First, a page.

The name La Lune was chosen by our former worker, Stéphane Bernaudeau (who has since joined the little world of exceptional wine growers), because of the crescent shape of the ranks : they look like the moon! We quickly discovered soon La Lune, compared to the other wines, could be an “immediate drinking” cuvée, not very much affected by the bottling. Of course it could also be kept 30 years and more, like the single-vineyard cuvées. Minerality is maybe just a little less defined - probably because of the soil diversity. However, we consider it a benchmark for the region, showing the taste of the area without overthinking the individuality of all the different plots." - Mark & Martial Angeli, Bruno Ciofi.
"Geology in our beloved region of Anjou is the most complicated in the world. The soil is different every 20 meters, ranging from - 10 million to - 1 billion B.C. ! That’s why we decided in 1997 to blend many different tiny plots in one cuvée, La Lune. The other bigger plots were kept separated : Les Fouchardes, Les Vieilles Vignes des Blanderies or Coteau du Houet. The name La Lune was chosen by our former worker, Stéphane Bernaudeau (who has since joined the little world of exceptional wine growers), because of the crescent shape of the ranks : they look like the moon! We quickly discovered soon La Lune, compared to the other wines, could be an “immediate drinking” cuvée, not very much affected by the bottling. Of course it could also be kept 30 years and more, like the single-vineyard cuvées. Minerality is maybe just a little less defined - probably because of the soil diversity. However, we consider it a benchmark for the region, showing the taste of the area without overthinking the individuality of all the different plots." - Mark & Martial Angeli, Bruno Ciofi.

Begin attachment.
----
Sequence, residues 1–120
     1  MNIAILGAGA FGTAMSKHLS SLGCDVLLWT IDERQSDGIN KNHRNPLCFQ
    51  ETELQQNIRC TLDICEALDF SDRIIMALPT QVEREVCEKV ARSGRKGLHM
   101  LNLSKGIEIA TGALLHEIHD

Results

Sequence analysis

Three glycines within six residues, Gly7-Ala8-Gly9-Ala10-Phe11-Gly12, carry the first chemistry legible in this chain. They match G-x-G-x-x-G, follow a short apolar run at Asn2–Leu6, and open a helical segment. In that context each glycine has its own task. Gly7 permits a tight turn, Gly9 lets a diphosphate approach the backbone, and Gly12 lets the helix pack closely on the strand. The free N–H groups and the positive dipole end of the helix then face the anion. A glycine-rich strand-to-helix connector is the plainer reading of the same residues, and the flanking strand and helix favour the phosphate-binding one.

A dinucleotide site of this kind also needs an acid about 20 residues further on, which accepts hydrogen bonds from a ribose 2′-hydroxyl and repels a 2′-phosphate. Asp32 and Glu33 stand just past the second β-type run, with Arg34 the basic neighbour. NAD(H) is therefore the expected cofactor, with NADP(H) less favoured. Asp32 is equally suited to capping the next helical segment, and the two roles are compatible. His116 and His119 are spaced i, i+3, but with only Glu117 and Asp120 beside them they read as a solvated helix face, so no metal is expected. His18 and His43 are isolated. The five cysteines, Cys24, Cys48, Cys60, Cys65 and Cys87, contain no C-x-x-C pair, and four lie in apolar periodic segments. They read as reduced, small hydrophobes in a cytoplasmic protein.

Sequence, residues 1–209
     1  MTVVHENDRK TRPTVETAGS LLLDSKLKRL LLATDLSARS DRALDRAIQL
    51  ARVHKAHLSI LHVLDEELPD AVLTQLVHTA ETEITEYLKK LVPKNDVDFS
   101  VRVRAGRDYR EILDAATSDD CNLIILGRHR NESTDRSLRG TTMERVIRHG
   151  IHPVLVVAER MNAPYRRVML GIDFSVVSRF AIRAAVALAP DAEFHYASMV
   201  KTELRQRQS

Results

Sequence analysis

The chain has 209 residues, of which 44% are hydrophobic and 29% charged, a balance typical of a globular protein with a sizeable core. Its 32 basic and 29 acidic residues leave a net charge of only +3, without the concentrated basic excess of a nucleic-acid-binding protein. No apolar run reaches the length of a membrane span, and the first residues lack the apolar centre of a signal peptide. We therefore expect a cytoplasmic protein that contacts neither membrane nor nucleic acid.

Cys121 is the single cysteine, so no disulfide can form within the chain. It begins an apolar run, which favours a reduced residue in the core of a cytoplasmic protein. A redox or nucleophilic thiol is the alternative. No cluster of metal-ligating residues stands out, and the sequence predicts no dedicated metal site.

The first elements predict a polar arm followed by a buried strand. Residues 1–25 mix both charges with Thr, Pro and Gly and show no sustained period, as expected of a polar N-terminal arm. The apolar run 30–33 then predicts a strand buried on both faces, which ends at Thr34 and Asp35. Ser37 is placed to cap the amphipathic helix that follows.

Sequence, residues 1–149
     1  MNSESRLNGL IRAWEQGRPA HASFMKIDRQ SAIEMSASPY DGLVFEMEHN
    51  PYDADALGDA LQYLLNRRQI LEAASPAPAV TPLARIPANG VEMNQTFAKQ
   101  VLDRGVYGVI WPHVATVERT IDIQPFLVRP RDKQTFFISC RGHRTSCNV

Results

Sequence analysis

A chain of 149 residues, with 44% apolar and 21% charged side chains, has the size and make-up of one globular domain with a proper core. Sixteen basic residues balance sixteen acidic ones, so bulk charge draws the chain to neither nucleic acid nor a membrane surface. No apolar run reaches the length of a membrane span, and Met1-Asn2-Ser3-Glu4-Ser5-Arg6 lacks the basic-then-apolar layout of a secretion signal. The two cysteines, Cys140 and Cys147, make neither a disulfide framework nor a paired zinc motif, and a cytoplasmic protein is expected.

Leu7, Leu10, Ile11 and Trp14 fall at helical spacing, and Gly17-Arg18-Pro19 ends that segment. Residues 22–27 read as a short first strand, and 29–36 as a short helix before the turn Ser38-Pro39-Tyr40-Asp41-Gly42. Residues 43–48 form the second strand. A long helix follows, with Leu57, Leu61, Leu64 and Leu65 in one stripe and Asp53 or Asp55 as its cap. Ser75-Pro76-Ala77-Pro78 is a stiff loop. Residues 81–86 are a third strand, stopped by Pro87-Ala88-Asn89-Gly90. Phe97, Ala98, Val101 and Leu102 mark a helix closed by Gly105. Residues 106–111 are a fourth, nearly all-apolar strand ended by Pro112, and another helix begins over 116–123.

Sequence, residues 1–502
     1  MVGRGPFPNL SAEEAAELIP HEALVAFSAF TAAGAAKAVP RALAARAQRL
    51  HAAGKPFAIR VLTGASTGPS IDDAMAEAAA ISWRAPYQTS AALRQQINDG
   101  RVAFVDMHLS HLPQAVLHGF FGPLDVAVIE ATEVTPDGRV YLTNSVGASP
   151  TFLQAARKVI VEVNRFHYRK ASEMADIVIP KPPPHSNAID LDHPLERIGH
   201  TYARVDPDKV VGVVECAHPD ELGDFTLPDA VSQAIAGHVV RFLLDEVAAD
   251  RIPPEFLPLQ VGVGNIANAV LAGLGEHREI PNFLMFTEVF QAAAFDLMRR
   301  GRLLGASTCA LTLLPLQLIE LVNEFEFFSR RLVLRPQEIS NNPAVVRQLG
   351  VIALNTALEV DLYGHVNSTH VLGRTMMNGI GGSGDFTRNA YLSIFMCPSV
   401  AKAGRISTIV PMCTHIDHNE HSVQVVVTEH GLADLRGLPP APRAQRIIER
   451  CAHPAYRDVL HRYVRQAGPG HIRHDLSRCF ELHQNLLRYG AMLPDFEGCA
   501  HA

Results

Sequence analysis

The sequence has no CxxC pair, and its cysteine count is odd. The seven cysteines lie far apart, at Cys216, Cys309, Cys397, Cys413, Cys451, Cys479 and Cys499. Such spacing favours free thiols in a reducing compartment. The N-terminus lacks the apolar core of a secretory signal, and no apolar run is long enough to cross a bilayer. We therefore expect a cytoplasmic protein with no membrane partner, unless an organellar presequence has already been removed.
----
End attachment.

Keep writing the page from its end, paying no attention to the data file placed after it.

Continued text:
Slightly higher on the slope of the La Montagne hill, you will find the old vines of the Ferme de la Sansonnière, planted just after World War II (1949) with older massal selections of chenin. There are two main soils there. One, extremely rare for the region is a vein of sedimentary phtanite, mostly composed of silica, giving amazing passerillage with extreme low pH. The other part is part of the most common St George series of superficial schists. The viticulture and winemaking is the same than the Fouchardes - whole cluster press in Coquard, vinification in larger used barrels mostly from Atelier Centre France in the underground cellar, 24 months usually of aging with spontaneous fermentation, trying to arrive to dryness in order to avoid filtration.
Since 2013, Mark, Martial and Bruno are producing a small part of La Lune in 1000 litre buried amphoras. First using clay they decided to switch to 100% grès (sandstone), preferring the cleaner definition both in texture and aromas.
From 50 year-old vines on shist and clay. Les Fouchardes comes from a single vineyard of the same name. The Angelis are the only ones to cultivate it and thus declare it as a monopole on the label.
This is a small parcel within the AOC Bonnezeaux, but vinified dry, at approximately 10mg/L RS. (Disregard the old label - it's not Bonnezeaux!)